Laois' Joint Policing Committee has got a resounding message from local groups that the lack of Garda presence is the biggest concern across the county.
In compiling their new five year plan, the JPC, whose 25 members come from Laois County Council, the Gardaí and community groups, held a survey to find out what are the most important issues facing policing in Laois.
Out of the 29 groups and organisations consulted, most cited a lack of Gardaí.
“Lack of Gardaí makes it easier for people to get away with crimes such as burglary,” said one group.
“Garda manning level too low, rural stations not getting enough hours. Rural areas playing second fiddle to urban areas,” said another.
Asked for their solutions, the call for “more Gardaí” was repeated by many groups, which includes ICA groups, community alerts and residents associations.
Other concerns they raise are anti-social behaviour, illegal racing, litter, drug related crime, and a call for support for community crime prevention and protection of vulnerable citizens.
Two submissions were made, one from Laois Fire Service whose major concerns are hoax calls and the setting of deliberate fires, in derelict buildings, in skips and forests or grassland.
“Regularly groups are waiting for the fire service to arrive, we have had both fire appliances and firefighters hit by stones and bricks,” reported Declan Power, acting chief fire officer, asking for the concerns to be incorporated into the new plan.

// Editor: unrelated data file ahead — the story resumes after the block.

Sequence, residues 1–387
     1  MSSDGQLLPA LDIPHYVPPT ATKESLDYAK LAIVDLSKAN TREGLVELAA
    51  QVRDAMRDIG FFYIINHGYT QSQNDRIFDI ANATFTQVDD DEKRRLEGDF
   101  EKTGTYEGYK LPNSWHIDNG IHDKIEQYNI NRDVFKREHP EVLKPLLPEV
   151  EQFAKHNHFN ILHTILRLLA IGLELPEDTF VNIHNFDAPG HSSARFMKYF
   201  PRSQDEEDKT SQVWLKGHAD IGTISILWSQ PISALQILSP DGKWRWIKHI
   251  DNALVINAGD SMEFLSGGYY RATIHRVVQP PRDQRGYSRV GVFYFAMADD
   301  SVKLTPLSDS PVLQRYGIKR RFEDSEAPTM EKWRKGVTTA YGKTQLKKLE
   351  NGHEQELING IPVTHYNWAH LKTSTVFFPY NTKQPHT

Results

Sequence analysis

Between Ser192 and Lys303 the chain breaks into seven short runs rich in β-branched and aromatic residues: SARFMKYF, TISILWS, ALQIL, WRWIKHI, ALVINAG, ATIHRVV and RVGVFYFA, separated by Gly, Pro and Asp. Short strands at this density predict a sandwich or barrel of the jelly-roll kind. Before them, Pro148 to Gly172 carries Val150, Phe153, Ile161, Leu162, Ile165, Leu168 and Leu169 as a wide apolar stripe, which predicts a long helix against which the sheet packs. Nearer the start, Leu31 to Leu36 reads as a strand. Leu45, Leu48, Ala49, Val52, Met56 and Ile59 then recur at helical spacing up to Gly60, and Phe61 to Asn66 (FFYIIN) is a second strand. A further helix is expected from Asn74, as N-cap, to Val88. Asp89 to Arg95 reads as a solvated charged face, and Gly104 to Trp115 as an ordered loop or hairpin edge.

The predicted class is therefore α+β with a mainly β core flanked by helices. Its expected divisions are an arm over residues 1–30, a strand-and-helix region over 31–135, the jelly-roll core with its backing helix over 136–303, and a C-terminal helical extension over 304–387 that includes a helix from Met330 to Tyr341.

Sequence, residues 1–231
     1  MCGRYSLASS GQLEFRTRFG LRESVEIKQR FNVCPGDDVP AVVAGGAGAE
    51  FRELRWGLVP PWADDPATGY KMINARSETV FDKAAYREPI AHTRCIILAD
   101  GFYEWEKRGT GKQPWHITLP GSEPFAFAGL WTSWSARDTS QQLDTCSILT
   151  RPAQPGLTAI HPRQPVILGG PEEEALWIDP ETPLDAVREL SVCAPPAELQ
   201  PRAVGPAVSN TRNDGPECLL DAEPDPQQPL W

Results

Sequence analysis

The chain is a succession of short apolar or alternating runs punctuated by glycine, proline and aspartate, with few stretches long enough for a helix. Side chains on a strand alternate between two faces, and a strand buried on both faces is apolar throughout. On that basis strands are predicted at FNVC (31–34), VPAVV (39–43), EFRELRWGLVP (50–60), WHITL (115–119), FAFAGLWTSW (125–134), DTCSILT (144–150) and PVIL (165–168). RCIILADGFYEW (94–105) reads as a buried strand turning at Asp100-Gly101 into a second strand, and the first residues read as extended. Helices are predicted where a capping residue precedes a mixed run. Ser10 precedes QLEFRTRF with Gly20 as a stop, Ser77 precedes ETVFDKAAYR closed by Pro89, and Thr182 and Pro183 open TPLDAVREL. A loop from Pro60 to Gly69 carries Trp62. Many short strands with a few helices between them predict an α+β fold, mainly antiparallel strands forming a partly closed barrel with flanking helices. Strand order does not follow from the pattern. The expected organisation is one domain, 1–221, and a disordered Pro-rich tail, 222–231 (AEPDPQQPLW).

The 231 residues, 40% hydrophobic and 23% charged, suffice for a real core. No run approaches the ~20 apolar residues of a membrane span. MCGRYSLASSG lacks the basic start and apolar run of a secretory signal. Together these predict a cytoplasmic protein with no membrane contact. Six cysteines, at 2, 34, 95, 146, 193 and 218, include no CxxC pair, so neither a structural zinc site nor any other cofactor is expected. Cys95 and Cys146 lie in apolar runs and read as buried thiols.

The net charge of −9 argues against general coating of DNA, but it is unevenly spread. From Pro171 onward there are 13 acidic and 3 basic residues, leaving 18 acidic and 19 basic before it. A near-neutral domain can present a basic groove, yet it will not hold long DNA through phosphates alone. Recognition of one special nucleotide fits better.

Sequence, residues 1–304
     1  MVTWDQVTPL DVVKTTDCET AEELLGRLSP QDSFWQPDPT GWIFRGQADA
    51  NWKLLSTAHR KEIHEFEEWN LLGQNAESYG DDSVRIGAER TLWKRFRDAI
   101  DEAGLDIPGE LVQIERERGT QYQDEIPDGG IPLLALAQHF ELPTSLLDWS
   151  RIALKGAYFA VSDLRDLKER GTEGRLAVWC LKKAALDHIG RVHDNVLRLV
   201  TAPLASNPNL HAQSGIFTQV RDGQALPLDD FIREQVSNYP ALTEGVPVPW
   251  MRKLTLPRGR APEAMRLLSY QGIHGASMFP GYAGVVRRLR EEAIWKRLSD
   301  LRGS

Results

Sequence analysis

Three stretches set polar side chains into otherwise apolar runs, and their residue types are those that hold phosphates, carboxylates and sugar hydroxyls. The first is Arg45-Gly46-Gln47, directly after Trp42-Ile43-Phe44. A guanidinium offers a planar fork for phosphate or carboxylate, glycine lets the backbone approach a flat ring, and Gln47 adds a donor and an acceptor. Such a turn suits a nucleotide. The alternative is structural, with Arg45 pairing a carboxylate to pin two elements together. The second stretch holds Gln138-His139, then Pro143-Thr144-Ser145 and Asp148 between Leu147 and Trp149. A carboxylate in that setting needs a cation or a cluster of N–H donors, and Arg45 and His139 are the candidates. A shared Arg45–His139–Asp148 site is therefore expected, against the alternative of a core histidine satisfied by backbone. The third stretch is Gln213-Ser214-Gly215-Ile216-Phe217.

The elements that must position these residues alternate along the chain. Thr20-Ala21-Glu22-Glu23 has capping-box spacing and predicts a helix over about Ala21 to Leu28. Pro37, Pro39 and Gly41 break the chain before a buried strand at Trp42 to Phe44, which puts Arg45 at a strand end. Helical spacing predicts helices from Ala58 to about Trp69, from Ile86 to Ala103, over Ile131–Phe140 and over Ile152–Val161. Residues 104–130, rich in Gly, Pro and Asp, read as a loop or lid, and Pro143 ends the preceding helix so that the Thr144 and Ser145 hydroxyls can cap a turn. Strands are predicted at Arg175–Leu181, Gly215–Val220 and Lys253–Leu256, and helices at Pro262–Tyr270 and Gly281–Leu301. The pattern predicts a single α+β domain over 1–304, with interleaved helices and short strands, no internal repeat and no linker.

The other submission was from Midland Regional Drug & Alcohol Task Force, which asks for “a concerted effort” against drug dealing and alcohol misuse, drug related intimidation, discarded drug litter and community engagement to deal with addiction.
Yesterday, Monday June 20, the JPC strategic plan for 2016 to 2019, was adopted without discussion at its quarterly meeting, proposed by Cllr Paddy Bracken, seconded by Cllr John King.
It aims to “reintroduce and reinvigorate Community Gardaí in strategic locations”, as well as to work more with communities, offer crime prevention information, help community alert groups to network.
The JPC aims to educate and support vulnerable groups, such as elderly and juveniles.
It plans to tackle drug dealing and intimidation by promoting a 'Dial to Stop Drug Dealing' campaign, and to reduce illegal dumping by working together.